He compared the constant fear of offending to living in a dystopian society like the one created by George Orwell in his novel, 1984.
In a video for The Big Think the Monty Python star said: “The idea that you have to be protected from any kind of uncomfortable emotion is what I absolutely do not subscribe to.”
He continued: “The whole point about humour, the whole point about comedy, and believe you me I’ve thought about it, is that all comedy is critical. All humour is critical.
“If you start to say ‘We mustn’t criticise or offend them’ then humour is gone. With humour goes a sense of proportion, then as far as I’m concerned you’re living in 1984.”
The Fawlty Towers star quoted psychologist Robin Skynner, saying, 'If people can’t control their own emotions then they need to start controlling other people’s behaviour’ before adding: “When you're around people who are super-sensitive, you can’t relax, be spontaneous as you have no idea what is going to upset them next.”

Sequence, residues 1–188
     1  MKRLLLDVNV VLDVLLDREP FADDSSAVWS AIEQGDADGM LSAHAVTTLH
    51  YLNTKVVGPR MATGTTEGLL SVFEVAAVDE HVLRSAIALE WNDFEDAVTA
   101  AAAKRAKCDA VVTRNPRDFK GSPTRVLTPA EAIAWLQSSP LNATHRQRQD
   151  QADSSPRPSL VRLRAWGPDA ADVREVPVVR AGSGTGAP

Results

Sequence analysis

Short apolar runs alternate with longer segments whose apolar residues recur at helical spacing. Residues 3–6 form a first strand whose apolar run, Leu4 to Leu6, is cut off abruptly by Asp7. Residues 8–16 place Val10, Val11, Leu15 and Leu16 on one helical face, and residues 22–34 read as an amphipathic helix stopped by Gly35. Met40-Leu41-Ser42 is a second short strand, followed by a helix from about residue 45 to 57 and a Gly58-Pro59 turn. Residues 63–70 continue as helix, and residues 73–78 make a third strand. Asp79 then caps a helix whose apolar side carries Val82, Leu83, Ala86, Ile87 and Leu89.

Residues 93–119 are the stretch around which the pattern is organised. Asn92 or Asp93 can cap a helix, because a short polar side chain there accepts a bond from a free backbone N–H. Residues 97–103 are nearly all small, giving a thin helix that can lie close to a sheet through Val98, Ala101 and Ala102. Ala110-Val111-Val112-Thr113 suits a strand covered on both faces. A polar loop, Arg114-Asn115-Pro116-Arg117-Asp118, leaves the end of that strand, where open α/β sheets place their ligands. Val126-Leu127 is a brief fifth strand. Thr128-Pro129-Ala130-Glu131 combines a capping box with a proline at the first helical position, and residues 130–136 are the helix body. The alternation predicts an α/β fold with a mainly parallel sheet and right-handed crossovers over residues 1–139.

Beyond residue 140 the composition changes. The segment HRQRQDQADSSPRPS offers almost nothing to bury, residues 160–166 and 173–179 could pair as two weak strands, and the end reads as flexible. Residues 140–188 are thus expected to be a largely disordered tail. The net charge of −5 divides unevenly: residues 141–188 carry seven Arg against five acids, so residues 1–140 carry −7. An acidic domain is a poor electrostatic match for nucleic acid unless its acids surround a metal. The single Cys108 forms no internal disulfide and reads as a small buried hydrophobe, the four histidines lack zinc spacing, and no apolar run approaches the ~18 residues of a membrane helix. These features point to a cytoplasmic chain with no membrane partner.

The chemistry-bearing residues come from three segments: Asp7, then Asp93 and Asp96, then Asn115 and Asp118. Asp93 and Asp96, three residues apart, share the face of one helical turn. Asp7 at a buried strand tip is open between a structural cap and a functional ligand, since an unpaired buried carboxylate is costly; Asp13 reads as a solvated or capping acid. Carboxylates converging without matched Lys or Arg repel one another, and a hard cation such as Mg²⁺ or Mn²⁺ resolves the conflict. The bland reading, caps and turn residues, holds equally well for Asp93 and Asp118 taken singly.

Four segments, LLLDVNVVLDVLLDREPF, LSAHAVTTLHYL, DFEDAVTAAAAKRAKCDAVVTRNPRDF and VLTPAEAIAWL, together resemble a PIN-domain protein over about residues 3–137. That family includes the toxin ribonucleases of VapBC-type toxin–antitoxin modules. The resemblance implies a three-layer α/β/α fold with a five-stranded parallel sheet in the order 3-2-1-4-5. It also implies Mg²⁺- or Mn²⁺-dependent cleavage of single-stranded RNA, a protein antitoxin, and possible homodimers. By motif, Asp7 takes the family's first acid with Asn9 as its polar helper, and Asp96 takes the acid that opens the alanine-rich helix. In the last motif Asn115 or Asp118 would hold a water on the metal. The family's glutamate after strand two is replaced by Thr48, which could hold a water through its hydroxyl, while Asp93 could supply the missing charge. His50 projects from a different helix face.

The comedian also revealed that he has been warned to not visit university campuses “because the political correctness has been taken from being a good idea […] to the point where any kind of criticism of any individual or group could be labelled ‘cruel’.”
Cleese isn't the first comedian to hit out at political correctness. In an interview with ESPN Radio’s The Herd with Colin Cowherd, Jerry Seinfeld said that he avoids gigging at college campuses.
“They just want to use these words: ‘That’s racist. That’s sexist. That’s prejudice'," he said. “They don’t even know what they’re talking about.”
More about the oversensitivity of college students:
"The Coddling of the American Mind" in The Atlantic.